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What family separation looks like: Guatemalan man is deported, while his 6-year-old daughter remains behind in New York City

What family separation looks like: Guatemalan man is deported, while his 6-year-old daughter remains behind in New York City
New York City Mayor Bill de Blasio speaks to reporters following a visit to a facility that holds more than 230 children who were separated from their families at the U.S.-Mexico border. (Drew Angerer / Getty Images)

Six weeks ago Nazario Jacinto-Carrillo left his village in Guatemala with his 6-year-old daughter, Filemona, to seek asylum in the United States, but his plan went awry soon after illegally crossing the California border.

U.S. Border Patrol agents, he said, took his weeping daughter from his arms and told him that she would be returned to him within days.

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On Wednesday, Jacinto-Carrillo was deported to Guatemala, but his daughter wasn’t with him. She remains at an undisclosed shelter in New York, where social workers have told the family she cries constantly.

“When I got home my wife and mother were happy to see me, but they were weeping. My wife asked me, ‘Where is Filemona?’” said Jacinto-Carrillo, reached by phone in his village near the city of Huehuetenango.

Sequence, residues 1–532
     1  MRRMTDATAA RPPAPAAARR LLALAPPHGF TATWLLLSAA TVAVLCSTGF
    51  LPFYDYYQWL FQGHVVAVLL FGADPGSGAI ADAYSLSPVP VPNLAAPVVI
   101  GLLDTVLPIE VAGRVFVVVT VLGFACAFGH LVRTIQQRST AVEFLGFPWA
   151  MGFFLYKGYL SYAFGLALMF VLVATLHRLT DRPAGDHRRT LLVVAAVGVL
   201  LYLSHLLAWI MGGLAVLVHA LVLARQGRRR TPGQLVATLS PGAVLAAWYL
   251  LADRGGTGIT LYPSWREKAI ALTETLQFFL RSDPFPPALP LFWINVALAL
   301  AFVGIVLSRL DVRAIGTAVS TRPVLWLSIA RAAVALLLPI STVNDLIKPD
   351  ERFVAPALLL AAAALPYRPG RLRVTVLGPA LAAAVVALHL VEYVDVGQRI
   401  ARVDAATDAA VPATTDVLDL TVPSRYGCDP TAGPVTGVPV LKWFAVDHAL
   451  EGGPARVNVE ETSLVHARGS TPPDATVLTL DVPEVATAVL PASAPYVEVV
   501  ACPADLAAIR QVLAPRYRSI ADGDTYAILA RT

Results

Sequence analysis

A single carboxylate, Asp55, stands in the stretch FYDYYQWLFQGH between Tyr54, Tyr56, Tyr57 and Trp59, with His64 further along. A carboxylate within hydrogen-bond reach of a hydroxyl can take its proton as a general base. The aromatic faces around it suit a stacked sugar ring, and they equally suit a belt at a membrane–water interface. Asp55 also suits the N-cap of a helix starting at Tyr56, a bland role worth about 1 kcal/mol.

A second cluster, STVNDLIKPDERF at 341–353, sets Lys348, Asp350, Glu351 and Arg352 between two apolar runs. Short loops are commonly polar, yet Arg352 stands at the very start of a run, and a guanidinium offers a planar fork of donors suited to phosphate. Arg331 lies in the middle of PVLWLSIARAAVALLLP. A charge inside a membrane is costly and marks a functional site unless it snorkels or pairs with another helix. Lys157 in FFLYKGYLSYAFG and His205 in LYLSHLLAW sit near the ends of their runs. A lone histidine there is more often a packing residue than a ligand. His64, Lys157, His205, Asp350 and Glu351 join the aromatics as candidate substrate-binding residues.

President Trump on Wednesday abruptly ended his administration’s practice of separating children from their parents at the border, but now the administration faces another test that will likely fall under intense scrutiny: What to do with the 2,300 or so children who have been sent to shelters all over the country.

Officials at the Department of Health and Human Services, the agency that takes custody of children separated from their parents, have said that the children will not be reunited while their parents remain in custody. But reunification demands will increase as more parents are released from detention centers and deported in the coming months at the end of their criminal and immigration proceedings.